The government had pegged the fiscal deficit at Rs 7.96 lakh crore or 3.5 per cent of the GDP in the Union Budget 2020-21, which was presented by Finance Minister Nirmala Sitharaman in February 2020.  The finance minister in Budget 2020-21 had pegged the gross market borrowing, which is also a reflection of fiscal deficit, at Rs 7.80 lakh crore for the current fiscal.

Hard-pressed for funds to combat the COVID-19 crisis, the government had in May increased its market borrowing programme for the current financial year by more than 50 per cent to Rs 12 lakh crore.  According to ICRA’s Principal Economist Aditi Nayar, the fiscal deficit is expected to touch 7.5 per cent for the fiscal ending in March.  “We estimate the fiscal deficit at Rs 14.5 lakh crore or 7.5 per cent of the GDP,” she said.

Small savings and treasury bill will make up the balance apart from government borrowing programme of Rs 12 lakh crore, she said.  Nominal GDP or GDP at Current Prices in the year 2020-21 is likely to attain a level of Rs 194.82 lakh crore, as against the provisional estimate of GDP for the year 2019-20 of Rs 203.40 lakh crore, released on May 31, 2020.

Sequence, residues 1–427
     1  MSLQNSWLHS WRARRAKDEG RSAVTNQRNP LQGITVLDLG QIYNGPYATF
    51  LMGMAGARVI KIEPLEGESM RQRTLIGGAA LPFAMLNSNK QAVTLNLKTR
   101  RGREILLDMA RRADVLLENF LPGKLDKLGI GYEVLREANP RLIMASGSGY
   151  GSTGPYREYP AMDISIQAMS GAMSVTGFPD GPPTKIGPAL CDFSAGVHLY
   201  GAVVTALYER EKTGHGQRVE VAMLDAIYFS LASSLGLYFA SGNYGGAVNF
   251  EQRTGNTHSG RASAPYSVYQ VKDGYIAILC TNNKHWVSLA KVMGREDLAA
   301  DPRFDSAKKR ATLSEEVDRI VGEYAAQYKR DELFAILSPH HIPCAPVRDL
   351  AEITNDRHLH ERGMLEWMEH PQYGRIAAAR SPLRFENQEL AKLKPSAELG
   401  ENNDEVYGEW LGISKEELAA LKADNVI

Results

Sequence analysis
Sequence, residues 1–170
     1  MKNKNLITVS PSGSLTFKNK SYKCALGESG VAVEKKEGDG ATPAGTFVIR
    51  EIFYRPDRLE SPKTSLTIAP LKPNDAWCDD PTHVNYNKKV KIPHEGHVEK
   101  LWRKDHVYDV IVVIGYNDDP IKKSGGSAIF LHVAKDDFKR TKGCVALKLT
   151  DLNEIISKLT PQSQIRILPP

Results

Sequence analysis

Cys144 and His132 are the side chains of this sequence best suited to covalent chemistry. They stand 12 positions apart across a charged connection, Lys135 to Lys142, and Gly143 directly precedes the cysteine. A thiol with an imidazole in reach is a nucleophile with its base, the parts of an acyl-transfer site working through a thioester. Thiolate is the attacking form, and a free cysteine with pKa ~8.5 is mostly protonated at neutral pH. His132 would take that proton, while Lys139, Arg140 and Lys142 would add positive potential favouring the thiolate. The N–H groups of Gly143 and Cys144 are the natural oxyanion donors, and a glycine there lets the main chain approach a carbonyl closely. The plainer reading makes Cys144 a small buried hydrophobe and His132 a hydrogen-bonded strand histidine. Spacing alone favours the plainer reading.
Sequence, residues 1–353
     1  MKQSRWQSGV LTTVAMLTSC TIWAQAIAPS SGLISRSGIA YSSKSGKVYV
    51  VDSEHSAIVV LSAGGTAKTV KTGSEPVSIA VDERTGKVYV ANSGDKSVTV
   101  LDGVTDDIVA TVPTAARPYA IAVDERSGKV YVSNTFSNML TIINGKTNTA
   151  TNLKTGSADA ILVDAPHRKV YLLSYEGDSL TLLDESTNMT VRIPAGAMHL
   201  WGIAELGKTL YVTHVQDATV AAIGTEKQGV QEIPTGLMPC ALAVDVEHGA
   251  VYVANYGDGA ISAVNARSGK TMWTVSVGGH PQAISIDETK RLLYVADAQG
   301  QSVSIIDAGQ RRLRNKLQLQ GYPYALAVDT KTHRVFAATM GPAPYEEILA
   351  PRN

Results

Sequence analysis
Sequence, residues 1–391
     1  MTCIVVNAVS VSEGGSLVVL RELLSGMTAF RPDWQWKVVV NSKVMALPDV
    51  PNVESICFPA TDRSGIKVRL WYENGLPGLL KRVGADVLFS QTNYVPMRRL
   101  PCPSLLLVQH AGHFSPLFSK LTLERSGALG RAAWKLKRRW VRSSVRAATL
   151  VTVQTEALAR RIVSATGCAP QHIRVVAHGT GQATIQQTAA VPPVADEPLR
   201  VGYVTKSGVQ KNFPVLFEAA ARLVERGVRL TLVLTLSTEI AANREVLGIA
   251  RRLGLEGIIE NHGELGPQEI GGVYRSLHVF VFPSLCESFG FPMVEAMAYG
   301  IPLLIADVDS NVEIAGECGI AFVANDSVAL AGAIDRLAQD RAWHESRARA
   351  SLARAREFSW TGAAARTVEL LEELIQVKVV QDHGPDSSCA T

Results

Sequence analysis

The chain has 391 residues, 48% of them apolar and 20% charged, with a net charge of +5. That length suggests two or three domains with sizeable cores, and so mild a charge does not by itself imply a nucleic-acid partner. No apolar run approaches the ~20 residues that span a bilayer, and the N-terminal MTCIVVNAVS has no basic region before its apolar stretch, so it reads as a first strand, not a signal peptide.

The growth in nominal GDP during 2020-21 is estimated at (-) 4.2 per cent. Nominal GVA at Basic Prices is estimated at Rs 175.77 lakh crore in 2020-21, as against Rs 183.43 lakh crore in 2019-20, showing a contraction of 4.2 per cent.  The central government may have to incur a larger fiscal deficit than what was earlier announced at Rs 12 lakh crore, said D K Srivastava, chief policy advisor, EY India.

“We assess that the government may revise upwards its borrowing target so as to exceed 7 per cent of 2020-21 nominal GDP and signal a move towards restoring fiscal consolidation in a limited way in the budget estimates for 2021-22,” he said.

The Centre’s fiscal deficit had widened to 135 per cent of the full-year’s Budget Estimates (BE) at Rs 10.7 lakh crore in the first eight months (April-November) of FY’21. It is 33 per cent higher than the corresponding period last year.